Volume XLII-4/W10 | Copyright
Int. Arch. Photogramm. Remote Sens. Spatial Inf. Sci., XLII-4/W10, 27-32, 2018
https://doi.org/10.5194/isprs-archives-XLII-4-W10-27-2018
© Author(s) 2018. This work is distributed under
the Creative Commons Attribution 4.0 License.

  12 Sep 2018

12 Sep 2018

WHAT IS THE NEED FOR BUILDING PARTS? – A COMPARISON OF CITYGML, INSPIRE BUILDING AND A SWEDISH BUILDING STANDARD

H. Eriksson1,2, L. Harrie2, and J. M. Paasch1,3 H. Eriksson et al.
  • 1Lantmäteriet – the Swedish mapping, cadastral and land registration authority, Sweden
  • 2Department of Physical Geography and Ecosystem Science – Lund University, Sweden
  • 3Department of Industrial Development, IT and Land Management - University of Gävle, Sweden

Keywords: Buildings, Building parts, CityGML, INSPIRE building, Svensk geoprocess, specifications, IFC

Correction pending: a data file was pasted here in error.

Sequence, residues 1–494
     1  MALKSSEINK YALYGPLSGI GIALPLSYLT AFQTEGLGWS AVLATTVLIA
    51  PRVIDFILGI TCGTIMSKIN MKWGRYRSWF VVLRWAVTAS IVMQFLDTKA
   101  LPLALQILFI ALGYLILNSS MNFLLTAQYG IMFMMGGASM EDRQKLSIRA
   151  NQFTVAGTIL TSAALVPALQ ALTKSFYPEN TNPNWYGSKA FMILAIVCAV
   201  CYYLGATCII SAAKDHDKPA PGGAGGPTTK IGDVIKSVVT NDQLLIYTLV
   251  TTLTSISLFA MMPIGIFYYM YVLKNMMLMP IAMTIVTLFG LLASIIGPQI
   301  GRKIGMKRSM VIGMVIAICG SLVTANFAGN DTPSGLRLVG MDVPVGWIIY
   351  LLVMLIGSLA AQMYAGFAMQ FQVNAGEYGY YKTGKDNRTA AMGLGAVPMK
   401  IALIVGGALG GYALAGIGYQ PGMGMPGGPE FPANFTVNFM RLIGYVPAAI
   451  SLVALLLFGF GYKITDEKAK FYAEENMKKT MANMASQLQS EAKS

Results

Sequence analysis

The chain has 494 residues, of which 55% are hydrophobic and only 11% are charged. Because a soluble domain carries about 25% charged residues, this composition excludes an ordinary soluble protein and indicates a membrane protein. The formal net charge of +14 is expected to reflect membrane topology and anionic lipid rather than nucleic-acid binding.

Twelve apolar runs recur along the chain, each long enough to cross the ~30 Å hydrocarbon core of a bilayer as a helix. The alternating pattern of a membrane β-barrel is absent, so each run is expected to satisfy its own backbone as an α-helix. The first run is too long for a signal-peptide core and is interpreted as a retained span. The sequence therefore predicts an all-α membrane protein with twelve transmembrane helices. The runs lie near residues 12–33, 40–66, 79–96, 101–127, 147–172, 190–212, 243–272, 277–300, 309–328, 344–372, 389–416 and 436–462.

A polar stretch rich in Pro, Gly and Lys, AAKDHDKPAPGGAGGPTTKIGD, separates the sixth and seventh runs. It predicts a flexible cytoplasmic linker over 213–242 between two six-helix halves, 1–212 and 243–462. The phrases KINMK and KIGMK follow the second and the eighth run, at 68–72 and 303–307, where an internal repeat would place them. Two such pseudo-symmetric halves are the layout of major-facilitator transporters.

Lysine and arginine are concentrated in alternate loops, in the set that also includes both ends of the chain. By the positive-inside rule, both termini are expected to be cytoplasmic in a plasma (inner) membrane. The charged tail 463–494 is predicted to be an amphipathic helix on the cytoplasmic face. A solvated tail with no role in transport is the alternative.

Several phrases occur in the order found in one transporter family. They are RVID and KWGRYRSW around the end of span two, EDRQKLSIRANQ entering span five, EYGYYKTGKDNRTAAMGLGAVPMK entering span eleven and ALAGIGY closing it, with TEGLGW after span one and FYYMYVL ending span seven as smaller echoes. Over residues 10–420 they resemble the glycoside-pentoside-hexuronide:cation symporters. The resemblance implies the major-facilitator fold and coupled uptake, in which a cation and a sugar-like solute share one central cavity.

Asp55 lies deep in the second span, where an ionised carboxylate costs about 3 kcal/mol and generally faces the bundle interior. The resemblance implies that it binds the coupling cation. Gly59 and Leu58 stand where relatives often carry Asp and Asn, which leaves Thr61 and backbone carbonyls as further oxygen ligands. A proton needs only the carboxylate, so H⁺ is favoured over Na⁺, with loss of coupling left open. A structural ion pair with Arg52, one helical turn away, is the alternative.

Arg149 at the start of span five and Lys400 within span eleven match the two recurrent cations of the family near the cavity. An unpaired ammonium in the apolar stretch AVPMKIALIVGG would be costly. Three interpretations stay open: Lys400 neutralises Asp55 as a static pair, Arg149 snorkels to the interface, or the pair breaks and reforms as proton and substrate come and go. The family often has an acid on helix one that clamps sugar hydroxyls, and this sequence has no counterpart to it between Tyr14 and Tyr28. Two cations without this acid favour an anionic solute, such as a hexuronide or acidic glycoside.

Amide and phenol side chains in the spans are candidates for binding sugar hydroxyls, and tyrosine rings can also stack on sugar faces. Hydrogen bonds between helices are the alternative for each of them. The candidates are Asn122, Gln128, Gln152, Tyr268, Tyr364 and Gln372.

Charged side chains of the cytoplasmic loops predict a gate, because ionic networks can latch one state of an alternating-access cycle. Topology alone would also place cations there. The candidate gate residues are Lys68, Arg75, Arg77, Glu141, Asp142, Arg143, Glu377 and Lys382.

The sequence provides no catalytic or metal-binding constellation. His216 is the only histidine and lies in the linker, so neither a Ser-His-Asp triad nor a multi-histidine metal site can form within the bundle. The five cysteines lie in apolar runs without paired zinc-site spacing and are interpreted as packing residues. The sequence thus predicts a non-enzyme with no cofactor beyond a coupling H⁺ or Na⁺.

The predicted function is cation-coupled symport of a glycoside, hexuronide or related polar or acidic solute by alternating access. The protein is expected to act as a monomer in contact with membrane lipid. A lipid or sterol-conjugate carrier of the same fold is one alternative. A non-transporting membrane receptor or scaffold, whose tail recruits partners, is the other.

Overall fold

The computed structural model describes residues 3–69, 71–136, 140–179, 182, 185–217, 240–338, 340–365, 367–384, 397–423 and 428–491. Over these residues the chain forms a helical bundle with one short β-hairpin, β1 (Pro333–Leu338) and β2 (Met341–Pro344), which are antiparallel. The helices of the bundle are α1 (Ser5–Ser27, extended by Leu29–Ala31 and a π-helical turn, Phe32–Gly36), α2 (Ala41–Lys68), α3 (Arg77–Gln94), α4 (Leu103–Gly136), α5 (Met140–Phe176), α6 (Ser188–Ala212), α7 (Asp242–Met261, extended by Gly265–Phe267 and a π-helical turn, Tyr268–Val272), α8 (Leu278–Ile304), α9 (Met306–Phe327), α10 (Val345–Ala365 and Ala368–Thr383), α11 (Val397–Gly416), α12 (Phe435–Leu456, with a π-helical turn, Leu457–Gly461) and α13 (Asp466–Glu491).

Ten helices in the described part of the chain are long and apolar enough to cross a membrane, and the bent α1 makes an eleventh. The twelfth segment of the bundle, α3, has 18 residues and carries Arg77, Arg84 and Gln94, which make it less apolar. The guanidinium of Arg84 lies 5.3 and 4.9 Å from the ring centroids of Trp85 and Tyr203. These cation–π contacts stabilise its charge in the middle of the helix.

Abstract. The need for digital building information is increasing, both in the form of 3D city models (as geodata) and of more detailed building information models (BIM). BIM models are mainly used in the architecture, engineering and construction industry, but have recently become interesting also for municipalities. The overall aim of this paper is to study one way of dividing a building, namely the division of a building into building parts in both 3D city models and in BIM models. The study starts by an inventory of how building parts are defined in 3D city model standards (CityGML, the INSPIRE building specification and a Swedish national specification for buildings) and in BIM models (Industry Foundation Classes, IFC). The definition of building parts in these specifications are compared and evaluated. The paper also describes potential applications for the use of building parts, on what grounds a building could be divided into building parts, advantages and disadvantages of having building parts and what consequences it can have on the usage of the building information. One finding is that building parts is defined similar, but not identical in the studied geodata specifications and there are no requirements, only recommendations on how buildings should be divided into building parts. This can complicate the modelling, exchange and reuse of building information, and in a longer perspective, it would be desirable to have recommendations of how to define and use building parts in for example a national context.

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